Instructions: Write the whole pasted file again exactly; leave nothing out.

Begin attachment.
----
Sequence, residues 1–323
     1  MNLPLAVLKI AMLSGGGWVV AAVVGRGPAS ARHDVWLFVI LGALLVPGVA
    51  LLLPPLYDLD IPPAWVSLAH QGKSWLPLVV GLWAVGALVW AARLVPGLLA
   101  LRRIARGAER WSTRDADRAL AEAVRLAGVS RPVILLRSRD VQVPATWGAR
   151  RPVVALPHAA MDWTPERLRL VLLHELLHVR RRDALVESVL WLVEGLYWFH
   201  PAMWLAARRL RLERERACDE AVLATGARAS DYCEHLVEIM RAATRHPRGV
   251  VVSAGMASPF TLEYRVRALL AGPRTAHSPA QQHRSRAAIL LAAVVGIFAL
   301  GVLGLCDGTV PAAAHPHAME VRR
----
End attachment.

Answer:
Sequence, residues 1–323
     1  MNLPLAVLKI AMLSGGGWVV AAVVGRGPAS ARHDVWLFVI LGALLVPGVA
    51  LLLPPLYDLD IPPAWVSLAH QGKSWLPLVV GLWAVGALVW AARLVPGLLA
   101  LRRIARGAER WSTRDADRAL AEAVRLAGVS RPVILLRSRD VQVPATWGAR
   151  RPVVALPHAA MDWTPERLRL VLLHELLHVR RRDALVESVL WLVEGLYWFH
   201  PAMWLAARRL RLERERACDE AVLATGARAS DYCEHLVEIM RAATRHPRGV
   251  VVSAGMASPF TLEYRVRALL AGPRTAHSPA QQHRSRAAIL LAAVVGIFAL
   301  GVLGLCDGTV PAAAHPHAME VRR